Disney’s ‘Lightyear’, with a same-sex kiss, faces a backlash in some Muslim countries


Disney’s new movie “Lightyear”, an offshoot of the “Toy Story” franchise, is facing bans or restrictions in parts of Southeast Asia and the Middle East because of a scene featuring a kiss between two women. The animated film will premiere around the world this week.

The United Arab Emirates have banned “Lightyear” from public screenings and Malaysia has asked Disney to cut several scenes from the film before it can be shown in local cinemas, according to officials in the Muslim-majority countries.

In Indonesia, the country with the world’s largest Muslim population, the chairman of the Film Censorship Board told The New York Times on Wednesday that the kissing scene could potentially violate a law banning films that exhibit “deviant sexual behavior.”

“The Film Censorship Board does not want to be dragged into the vortex of debate over pro-LGBT versus anti-LGBT,” said its chairman, Rommy Fibri. “But that kiss scene is sensitive.”

Disney did not respond to repeated requests for comment.

The international backlash against “Lightyear” is another public relations headache for Disney, whose growing willingness to publicly defend LGBTQ people has made it a somewhat unlikely cultural lightning rod in the United States.

Disney has described “Lightyear,” which was created by Pixar Animation Studios and directed by Angus MacLane, as the “definitive origin story” of the character Buzz Lightyear, a space keeper who starred in the 1995 film “Toy Story” and several sequels.

“Lightyear” focuses on the friendship between Buzz (voiced by Chris Evans) and another space keeper, Alisha Hawthorne (Uzo Aduba). Alisha marries a woman and in one scene greets her wife with a kiss.

Disney CEO Bob Chapek came under heavy pressure earlier this year from many of the company’s employees to take a strong stand against anti-LGBTQ legislation being passed by the Florida legislature, home of the Disney World resort, was adopted.

Florida Governor Ron DeSantis signed the bill in late March, and Disney publicly condemned it. The Florida House later voted to revoke Disney World’s special tax designation, a privilege the Orlando theme park had enjoyed for more than half a century.

International backlash against “Lightyear” has generated far less public attention in the United States than Disney’s clash with Mr. DeSantis. But it reminds the company that cultural clashes over children’s content don’t end at the US border.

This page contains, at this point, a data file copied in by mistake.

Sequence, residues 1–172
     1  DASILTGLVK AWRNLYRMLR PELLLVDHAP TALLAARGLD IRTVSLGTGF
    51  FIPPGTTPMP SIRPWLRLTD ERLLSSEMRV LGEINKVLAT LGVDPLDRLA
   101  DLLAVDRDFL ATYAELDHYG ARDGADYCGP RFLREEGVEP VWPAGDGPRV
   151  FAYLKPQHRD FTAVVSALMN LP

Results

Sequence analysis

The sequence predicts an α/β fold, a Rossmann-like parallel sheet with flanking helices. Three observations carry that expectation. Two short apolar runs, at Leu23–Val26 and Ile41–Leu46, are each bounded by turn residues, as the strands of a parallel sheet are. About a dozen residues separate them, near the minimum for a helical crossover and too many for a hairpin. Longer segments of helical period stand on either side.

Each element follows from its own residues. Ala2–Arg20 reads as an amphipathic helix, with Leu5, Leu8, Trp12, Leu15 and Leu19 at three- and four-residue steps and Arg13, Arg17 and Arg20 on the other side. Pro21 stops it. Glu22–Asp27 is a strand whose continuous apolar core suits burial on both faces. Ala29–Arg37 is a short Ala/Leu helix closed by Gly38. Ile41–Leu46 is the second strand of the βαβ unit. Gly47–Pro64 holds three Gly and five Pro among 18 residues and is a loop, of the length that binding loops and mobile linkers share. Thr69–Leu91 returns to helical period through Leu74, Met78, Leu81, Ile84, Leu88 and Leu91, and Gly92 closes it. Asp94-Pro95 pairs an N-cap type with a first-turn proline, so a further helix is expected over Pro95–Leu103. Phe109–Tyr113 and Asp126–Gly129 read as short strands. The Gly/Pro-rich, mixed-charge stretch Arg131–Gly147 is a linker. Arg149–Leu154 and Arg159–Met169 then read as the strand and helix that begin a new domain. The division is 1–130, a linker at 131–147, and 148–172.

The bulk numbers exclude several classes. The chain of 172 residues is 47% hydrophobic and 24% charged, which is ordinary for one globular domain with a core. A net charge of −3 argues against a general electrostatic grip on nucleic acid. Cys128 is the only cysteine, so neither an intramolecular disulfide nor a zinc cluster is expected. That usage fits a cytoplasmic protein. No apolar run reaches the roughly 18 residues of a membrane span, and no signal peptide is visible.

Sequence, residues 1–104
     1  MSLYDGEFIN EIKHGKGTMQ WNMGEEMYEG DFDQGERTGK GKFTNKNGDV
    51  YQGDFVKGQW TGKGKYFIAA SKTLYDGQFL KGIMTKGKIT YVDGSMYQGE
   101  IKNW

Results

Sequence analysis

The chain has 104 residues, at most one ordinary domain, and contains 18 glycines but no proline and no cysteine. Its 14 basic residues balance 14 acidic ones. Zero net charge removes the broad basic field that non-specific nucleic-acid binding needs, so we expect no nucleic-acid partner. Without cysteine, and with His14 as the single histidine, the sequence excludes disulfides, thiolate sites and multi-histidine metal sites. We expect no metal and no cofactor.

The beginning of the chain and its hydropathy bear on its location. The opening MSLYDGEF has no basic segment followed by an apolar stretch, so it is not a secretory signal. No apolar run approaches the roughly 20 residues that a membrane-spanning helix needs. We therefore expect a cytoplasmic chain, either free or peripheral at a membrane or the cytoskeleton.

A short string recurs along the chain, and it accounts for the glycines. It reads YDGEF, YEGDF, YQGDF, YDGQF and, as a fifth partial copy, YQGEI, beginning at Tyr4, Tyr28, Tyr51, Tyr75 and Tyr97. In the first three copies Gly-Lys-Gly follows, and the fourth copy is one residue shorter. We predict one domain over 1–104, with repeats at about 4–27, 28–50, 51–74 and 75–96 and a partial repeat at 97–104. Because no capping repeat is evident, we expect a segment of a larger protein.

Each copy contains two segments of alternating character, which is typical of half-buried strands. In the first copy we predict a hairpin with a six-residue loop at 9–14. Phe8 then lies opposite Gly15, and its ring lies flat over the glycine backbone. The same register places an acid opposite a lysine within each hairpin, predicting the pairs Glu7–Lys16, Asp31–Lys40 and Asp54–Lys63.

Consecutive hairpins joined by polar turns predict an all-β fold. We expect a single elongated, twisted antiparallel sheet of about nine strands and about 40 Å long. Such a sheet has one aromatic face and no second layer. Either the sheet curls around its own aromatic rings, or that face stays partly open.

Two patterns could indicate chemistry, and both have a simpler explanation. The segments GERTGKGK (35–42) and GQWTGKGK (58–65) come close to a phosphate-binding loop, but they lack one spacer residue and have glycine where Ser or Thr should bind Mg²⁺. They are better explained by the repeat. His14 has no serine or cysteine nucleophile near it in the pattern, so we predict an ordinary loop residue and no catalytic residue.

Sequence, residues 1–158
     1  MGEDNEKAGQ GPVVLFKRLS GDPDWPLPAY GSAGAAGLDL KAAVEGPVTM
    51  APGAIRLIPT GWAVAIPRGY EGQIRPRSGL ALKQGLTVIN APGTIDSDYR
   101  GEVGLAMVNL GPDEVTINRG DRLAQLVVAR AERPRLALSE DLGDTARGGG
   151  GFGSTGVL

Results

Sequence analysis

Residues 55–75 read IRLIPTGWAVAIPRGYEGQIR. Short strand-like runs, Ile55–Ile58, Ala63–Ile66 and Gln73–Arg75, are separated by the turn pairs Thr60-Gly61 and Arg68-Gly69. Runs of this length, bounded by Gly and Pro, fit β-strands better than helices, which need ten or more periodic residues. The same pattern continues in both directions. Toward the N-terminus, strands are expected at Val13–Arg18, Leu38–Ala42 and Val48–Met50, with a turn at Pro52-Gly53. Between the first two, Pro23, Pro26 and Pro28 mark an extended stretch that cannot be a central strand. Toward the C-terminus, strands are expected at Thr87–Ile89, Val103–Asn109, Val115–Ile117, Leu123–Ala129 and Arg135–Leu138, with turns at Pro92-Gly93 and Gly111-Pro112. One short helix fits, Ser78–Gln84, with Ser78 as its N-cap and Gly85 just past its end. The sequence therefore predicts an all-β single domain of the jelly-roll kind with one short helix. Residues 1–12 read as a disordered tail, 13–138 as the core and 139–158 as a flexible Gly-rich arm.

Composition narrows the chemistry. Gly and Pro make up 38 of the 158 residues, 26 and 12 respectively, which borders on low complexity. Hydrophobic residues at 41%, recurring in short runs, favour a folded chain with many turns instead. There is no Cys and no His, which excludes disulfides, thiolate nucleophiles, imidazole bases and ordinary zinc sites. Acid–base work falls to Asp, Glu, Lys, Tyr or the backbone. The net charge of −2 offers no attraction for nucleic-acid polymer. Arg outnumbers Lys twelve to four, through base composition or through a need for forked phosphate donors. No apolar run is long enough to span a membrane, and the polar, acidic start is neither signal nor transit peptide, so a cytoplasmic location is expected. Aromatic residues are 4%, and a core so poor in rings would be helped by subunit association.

In the United Arab Emirates, the government’s Media Regulatory Office said on Twitter this week that “Lightyear” was not licensed to show in domestic cinemas because it violated the country’s “media content standards”. The agency has not provided details or responded to a request for comment.

In Malaysia, “Lightyear” can be shown in its current form on Netflix, but the Film Censorship Board has asked Disney to change several scenes, including a “romantic” one, before it can be shown in cinemas, a ministry spokesperson said. . of the Interior.

In Indonesia, Mr. Rommy of the Film Censorship Board that officials there had flagged the kiss scene to Disney and were waiting for the company to send the finished film, with subtitles, for censorship review. “We’re not saying we’re rejecting the film,” he said.

A movie featuring a gay kissing scene probably wouldn’t pass a censorship rating in Indonesia due to a 2019 law banning movies featuring “vulgar sexual activity” or sexual content that is “deviant” or “unreasonable,” Mr Rommy added.

Gay, lesbian and transgender people are openly persecuted all over the Islamic world. In Malaysia, the laws targeting them are rooted in religious courts and banned in the British colonial era for Muslims and non-Muslims alike. In Indonesia, where nearly nine in 10 of the country’s 270 million people are Muslim, some politicians have tried to associate LGBTQ people with immorality, disease and the subversion of Indonesian culture.

Italia Film International, a company which distributes Disney movies in the Middle East and promotes it on its “Lightyear” website, did not respond to requests for comment.

It was not yet clear on Wednesday how the film would fare in other countries around the Middle East and Asia. Film censorship authorities in Saudi Arabia and China, a major market for Hollywood studios, did not respond to requests for comment.

In Singapore, the Infocomm Media Development Authority said in a statement this week that viewers must be 16 years of age or older to view Lightyear. It described the film as the “first commercial children’s animation with overtly gay images,” and said Disney had rejected its proposal to release two versions of the film, including an edited version for younger viewers.

“While it is an excellent animated film set in the American context, Singapore is a diverse society where we have multiple sensitivities and points of view,” Cheryl Ng, chair of the agency’s film consultation panel, said in the statement.

Muktita Suhartono and Liani MK reporting contributed. Li You research contributed.

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